7 Sci-Fi Wonders: Mostly Stranger Than Fiction

Mostly Stranger Than Fiction

5 min read
7 Sci-Fi Wonders
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The Lightning Field

Julia Minamata juliaminamata.com
Part sculpture, part science project. Walter De Maria installed this expansive land art piece in the Middle of Friggin’ Nowhere, Catron County, in 1977. Four hundred perfectly spaced, polished steel rods extend up to the sky in a 1 mile-by-1 kilometer grid. It’s intended to be experienced over time, alone, especially during dusk and dawn. To facilitate that experience, the foundation that maintains the site has a cabin right in the heart of the action. Up to six visitors at a time can reserve the place, which is stocked with linens, breakfast and dinner. (Laura Marrich)

Trementina Base

What are you doing after the end of the world? If you’re a loyal Scientologist, you probably have some firm plans. You’ll be reincarnated in a different form and traveling around the universe spreading the good word about L. Ron Hubbard’s teachings. But wait, what if you forgot some of them? That could be really embarrassing for future generations, so the Scientologists of today have taken steps to make sure that there will always be an archive of Hubbard’s works available right here New Mexico. The Church of Scientology owns a parcel of land near Trementina where, according to CNN, there’s an underground vault that stores all of Hubbard’s works on stainless steel tablets encased in titanium. There’s also a long landing strip on the surface of the site and two enormous interlocking circles with diamonds in their center carved into the ground itself. The circles, clearly visible from the air, are there to help guide spaceships when they come in for a landing sometime in the next billion years. (Ty Bannerman)

The Vla

At first glance, the Very Large Array just looks like a bunch of giant satellite dishes. But at 82-feet wide apiece, the 27 radio towers that make up this massive radio astronomy system 50 miles west of Socorro work together to create the resolution of an antenna a staggering 22 miles across. Why is that unbelievably awesome? Because it allows astronomers from around the world to study galaxies deep in space; to explore the lingering signal leftover from the Big Bang; to probe black holes; to chip away at the truth about the history of the universe and the nature of life. And it’s just off U.S. Highway 60. (Christie Chisholm)

The Taos Hum

Of all the things in Taos that make one go, Hmmm, perhaps the most elusive/mysterious/annoying/suspect/intriguing is the Taos Hum. Described as a low-frequency sound that resembles a diesel truck idling in the distance, the strange hum has been bewildering and maddening 2 percent of Taos’ population since the early ’90s. While many locations throughout the world report their own hum, the Taos Hum is most famous among hums due to a petition in 1993 begging congress to investigate its source. Congress delegated the task to top men ( Indiana Jones reference) to track down the source of the hum, but they came up empty-handed. Hum-hearers, of course, have many theories as to the what, where, when, why and how of the hum, including, but certainly not limited to, super-secret military operations, undetected seismic activity, the sound of the Earth’s core, human skin detecting sound, communications from lost spirits or living rocks, and—because it wouldn’t be a New Mexican mystery without it—alien activity. Whether it’s a government cover-up or a natural phenomenon, the Taos Hum (and Hum-hearers) remains a real humdinger. (Maren Tarro)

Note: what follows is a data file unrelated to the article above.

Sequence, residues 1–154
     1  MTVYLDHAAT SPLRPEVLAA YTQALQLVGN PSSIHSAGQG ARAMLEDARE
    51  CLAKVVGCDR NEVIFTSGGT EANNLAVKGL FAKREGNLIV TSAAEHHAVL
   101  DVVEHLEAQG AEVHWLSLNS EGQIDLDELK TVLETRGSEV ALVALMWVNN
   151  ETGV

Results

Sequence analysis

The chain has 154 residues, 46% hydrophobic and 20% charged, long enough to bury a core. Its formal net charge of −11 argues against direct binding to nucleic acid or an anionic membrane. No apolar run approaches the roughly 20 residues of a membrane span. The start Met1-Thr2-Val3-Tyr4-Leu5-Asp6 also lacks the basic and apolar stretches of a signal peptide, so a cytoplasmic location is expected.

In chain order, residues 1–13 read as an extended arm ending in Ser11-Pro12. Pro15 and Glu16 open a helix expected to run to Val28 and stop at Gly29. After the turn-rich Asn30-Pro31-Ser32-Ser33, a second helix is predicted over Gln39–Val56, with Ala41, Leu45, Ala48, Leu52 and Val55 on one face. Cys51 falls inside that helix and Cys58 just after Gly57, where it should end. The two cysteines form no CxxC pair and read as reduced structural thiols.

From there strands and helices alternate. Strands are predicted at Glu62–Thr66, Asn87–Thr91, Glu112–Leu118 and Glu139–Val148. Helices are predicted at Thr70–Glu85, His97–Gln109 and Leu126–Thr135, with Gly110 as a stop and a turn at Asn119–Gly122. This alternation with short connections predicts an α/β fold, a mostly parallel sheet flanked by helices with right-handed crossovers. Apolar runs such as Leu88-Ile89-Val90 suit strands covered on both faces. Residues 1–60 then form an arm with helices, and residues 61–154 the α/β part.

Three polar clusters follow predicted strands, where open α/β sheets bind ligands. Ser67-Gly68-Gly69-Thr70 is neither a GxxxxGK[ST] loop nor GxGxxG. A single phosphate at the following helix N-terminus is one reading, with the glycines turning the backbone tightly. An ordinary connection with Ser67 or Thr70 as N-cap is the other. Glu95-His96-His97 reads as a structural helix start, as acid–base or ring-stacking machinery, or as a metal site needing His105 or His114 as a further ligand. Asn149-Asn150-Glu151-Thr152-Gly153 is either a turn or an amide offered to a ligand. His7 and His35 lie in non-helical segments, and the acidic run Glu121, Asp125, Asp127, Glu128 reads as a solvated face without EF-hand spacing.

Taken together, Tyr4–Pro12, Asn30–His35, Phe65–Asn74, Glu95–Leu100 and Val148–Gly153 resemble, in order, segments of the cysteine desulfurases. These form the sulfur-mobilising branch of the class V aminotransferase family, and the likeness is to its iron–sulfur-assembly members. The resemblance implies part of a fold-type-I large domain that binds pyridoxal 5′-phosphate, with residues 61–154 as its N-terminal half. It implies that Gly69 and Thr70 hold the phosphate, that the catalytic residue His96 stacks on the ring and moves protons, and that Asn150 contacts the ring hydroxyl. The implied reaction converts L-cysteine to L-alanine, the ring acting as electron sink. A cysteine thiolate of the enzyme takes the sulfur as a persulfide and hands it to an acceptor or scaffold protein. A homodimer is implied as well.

Spaceport America

Want to ride in a spaceship? If you’ve got $200,000, you’ll soon be able to launch yourself beyond our atmosphere from Spaceport America, just 45 miles north of Las Cruces. Commercial spaceflight may just be a few years away, and it’s evidenced in the 2-mile-long runway completed last year. (Christie Chisholm)


While the details of what happened near Roswell back in 1947 are debatable, the results are not: Roswell has become a sci-fi tourist mecca. The International UFO Museum is a bit drab, but the Area 51 Museum down the block is a rainbow-colored, prop-filled photo op extraordinaire. You can eat Big Macs at a flying-saucer-shaped McDonald’s, and there’s a UFO festival every July. (Devin O’Leary)

Dulce Base

Listen to a lot of "Coast to Coast AM” with George Noory and you may be convinced that extradimensional aliens have constructed a secret UFO base inside Archuleta Mesa. Go there in person, and you’ll just wonder when the town’s gas station is gonna open up. Boring? … Or deceptively boring? (Devin O’Leary)

Julia Minamata juliaminamata.com

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